Showing posts with label Copyright Termination Explained. Show all posts
Showing posts with label Copyright Termination Explained. Show all posts
Friday, June 17, 2022

Copyright Recapture: How to (Legally) Terminate Your Book Contract

Copyright Termination, Reclaim Your Copyright
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One of the most important rights that authors and their heirs hold is the ability to terminate book publishing contracts. To start this process, it's crucial to examine the details of your publishing agreement.  

First, look for contractual provisions that might allow you to end the contract, such as the publisher not properly reporting sales or failing to keep your book available for sale. If you don't find a clear reason in your contract for ending it, don't worry. Even when the contract doesn't provide a straightforward path to termination, authors have a lesser-known but powerful option under the U.S. Copyright Act. Regardless of any agreements to the contrary, it's crucial to recognize that the right to terminate holds greater authority than the terms outlined in the agreement.

Copyright Termination Rights Explained
 
To protect authors of older works from having to live with bad "life of copyright" grants, Section 203 of the Copyright Act allows authors and other creators to terminate a grant of rights, notwithstanding any agreement to the contrary.  What this means is the termination right trumps what's written in the agreement.

The principles outlined here also work for film and television options, as well as other copyright assignments, grants and licenses. 

Provided the notice complies with the Copyright Office's rigid requirements and is timely filed, the termination will take effect "no earlier than 40 years after the execution of the grant or 35 years after publication under the grant (whichever comes first)." When a work is eligible for termination is best determined by a copyright attorney.
"Don't forget that the termination right trumps what's written in the agreement."
  🔺Heirs should be aware that Section 203 only applies to grants made by authors and does not encompass grants or re-grants made by the heirs themselves. If you are an heir, be cautious, as publishers may try to convince you to surrender your rights for little money through re-grant requests, effectively negating termination rights.

Works for hire are immune to statutory termination, which is why you should be wary of signing a work for hire agreement. The 
concept of work for hire is complicated. Therefore, just because a contract says it is work for hire or created in the course of employment does not make it so. For clarification, contract a copyright attorney. 
 
While the termination right does not apply to foreign grants of rights, many countries have their own termination statutes. For example, in Canada, 25 years after the death of an author, rights automatically revert to the author's estate. Here is a link to an excellent article by Professor Rebecca Giblin concerning reversion rights outside the U.S.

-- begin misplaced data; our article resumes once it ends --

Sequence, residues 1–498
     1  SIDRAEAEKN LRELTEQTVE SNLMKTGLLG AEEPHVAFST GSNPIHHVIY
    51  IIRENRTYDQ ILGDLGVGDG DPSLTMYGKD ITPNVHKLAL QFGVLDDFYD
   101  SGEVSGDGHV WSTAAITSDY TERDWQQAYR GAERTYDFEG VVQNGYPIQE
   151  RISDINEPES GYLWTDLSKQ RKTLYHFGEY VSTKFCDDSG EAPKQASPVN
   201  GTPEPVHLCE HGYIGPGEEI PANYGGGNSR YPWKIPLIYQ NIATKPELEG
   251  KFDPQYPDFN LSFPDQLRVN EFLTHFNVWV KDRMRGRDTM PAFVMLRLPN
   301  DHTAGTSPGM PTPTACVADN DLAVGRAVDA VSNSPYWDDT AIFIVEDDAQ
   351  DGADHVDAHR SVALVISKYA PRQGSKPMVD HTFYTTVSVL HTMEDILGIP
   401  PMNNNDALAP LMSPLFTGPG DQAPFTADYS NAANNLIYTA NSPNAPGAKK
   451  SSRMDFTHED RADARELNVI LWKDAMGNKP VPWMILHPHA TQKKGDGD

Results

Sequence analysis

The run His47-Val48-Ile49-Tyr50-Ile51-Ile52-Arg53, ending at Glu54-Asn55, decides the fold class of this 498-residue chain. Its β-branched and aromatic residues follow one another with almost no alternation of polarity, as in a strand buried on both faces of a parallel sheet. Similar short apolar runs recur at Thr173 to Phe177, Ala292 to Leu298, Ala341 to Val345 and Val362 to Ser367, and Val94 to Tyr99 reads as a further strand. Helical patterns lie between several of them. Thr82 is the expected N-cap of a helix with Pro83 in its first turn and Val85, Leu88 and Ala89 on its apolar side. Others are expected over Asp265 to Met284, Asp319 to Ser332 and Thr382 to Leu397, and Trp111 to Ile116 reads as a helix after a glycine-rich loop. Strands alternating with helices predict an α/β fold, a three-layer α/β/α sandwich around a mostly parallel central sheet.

Termination Notices Are Challenging to Draft

If you wish to terminate a rights agreement careful implementation is required. You must (a) 
carefully calculate the termination date; (b) draft the notice of termination; (c) sign it; (d) serve it; and (e) submit the documents for recordation (with the recordation fee) electronically through the Copyright Office’s online system. The documents will then be scrutinized by the Copyright Office and rejected if they do not comply in both content and form. 

In other words, the process of reclaiming copyright is not automatic. In the context of joint works, a termination notice requires the signatures of the a majority of the co-authors. The Copyright Act gives the termination rights holder the option, but not the obligation, to reclaim their copyrights. Consequently, the majority of

termination rights expire without being exercised.

  
It is the author's responsibility to calculate the termination date. It can be anytime during a five-year window beginning the earlier of (a) thirty-five years from the date of first publication or (b) forty years from the date of execution. A notice of termination may be served ten years before the effective termination date or as late as two years before. A missed deadline or improperly drafted notice is a fatal mistake.

Example: Andrea signed a contract for her first novel on September 26, 1989. The book was published on September 26, 1992. The termination window is from September 26, 2024, to September 26, 2029. The earliest Andrea (or her surviving family members) may serve the notice of termination is September 26, 2014, ten years before the earliest possible termination date. The latest Andrea (or her surviving family members) may serve notice is September 2027, two years before the latest possible termination date.

Andrea must serve the notice on her publisher or publisher's successor, fill out the appropriate paperwork, and record the notice of termination with the Copyright Office. This public record becomes part of the work's chain of title, establishing legal ownership. Andrea's name and termination notice would appear in the title chain if anyone were to review the Copyright Office's database.

Derivative Works Exception